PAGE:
DEARBORN, Mich. (WXYZ) — The gates to a historic golf course built in the 1920s will remained closed this season.
The city of Dearborn tried hard to keep the Deaborn Hills Golf Course alive and going, but they say the severity of flooding damage requires them to shut down completely and get to work.
“I was bummed because Dearborn Hills is a place where I like to start my season," Armond Harris said.
This golf course off Telegraph Road is where Harris warms up and gets a couple games in at least once a week.
Now, he's going to have to look for a new course this season after Dearborn Hills Golf Course, which is owned and operated by the city, announced there will be no season this year.
The season normally runs from March to October.
In a statement from the city they say:
“The course lost 42 days last season due to flooding, and this year would have required roping off a significant portion of the course."
- City of Dearborn
Michael Bracy was on the course last fall.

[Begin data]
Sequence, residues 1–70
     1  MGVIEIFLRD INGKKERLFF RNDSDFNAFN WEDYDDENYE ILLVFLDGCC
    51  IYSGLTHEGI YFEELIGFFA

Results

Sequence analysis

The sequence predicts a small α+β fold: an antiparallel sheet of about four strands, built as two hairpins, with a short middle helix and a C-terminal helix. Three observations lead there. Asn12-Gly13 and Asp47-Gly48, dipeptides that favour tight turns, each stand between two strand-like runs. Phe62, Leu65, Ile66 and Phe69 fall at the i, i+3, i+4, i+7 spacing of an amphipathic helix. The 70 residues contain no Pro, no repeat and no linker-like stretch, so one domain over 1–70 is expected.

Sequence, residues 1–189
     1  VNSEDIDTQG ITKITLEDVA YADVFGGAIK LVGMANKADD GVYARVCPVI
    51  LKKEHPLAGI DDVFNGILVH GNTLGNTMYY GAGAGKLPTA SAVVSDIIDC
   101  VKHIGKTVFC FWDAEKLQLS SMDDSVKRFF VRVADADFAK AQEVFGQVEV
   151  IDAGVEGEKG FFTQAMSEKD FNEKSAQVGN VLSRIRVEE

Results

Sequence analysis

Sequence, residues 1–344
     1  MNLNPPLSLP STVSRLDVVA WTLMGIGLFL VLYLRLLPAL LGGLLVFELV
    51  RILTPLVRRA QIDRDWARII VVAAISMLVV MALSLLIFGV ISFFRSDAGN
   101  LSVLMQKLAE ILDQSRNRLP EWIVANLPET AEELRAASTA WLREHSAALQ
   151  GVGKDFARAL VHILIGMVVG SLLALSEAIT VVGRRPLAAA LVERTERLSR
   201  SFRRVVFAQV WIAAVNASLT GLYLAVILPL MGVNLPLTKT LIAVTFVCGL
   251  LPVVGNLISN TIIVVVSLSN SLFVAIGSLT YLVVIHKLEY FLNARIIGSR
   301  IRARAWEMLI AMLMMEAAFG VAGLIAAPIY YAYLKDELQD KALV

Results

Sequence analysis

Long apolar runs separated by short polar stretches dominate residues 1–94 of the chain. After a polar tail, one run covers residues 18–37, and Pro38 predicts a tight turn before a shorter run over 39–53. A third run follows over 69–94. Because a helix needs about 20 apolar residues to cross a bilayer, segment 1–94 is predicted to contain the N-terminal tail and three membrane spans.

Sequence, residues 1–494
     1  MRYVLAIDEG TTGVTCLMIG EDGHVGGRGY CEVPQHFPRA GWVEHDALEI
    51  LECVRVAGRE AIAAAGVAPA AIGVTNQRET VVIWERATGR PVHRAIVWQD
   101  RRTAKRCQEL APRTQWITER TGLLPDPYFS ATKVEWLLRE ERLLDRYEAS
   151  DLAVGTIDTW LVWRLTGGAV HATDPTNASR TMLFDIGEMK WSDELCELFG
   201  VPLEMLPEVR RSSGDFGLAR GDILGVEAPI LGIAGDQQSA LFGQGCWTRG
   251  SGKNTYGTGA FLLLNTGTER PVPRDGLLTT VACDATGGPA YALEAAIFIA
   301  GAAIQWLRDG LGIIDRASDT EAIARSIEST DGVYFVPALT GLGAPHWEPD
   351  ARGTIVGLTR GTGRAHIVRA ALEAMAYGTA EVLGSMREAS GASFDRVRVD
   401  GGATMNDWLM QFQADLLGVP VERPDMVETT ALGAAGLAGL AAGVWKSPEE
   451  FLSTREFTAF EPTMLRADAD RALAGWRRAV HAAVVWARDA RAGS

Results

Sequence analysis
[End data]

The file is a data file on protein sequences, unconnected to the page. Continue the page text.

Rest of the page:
“Occasionally, there would be standing water on different holes, so they restrict us to the car paths only," Bracy said.
Other golfers say it was way more than standing water in certain areas.
“Sometimes, you would go after a heavy rain pour, you would go and the whole parking lot would be a swimming pool, essentially," Harris said.
City leaders say, "the flooding damage has been compounded by upstream logjams in the Rouge River, which continue to divert river flow onto the course fairways."
They added that it's important for them to bring the grounds to a much better state for its residents.
“It means a lot to the community and brings us all together every day in the summer," Harris said.
Even though there aren't any tee times this year, golfers are already looking forward to bringing their clubs back out to the course.
“Hopefully, they can restore the damage and launch a membership program so I can help support the program," Bracy said.
There is a banquet hall located on the property. Leaders say banquet events will continue as planned through mid-June and all reservation deposits will be refunded.
As to how much it will cost the city says:
"(We) continue to assess the scale of the structural problems causing flooding damage at Dearborn Hills and will have more information to share in the coming weeks. The main problem is removing logjams from the Rouge River, and we will focus our resources on that foundational problem."
- City of Dearborn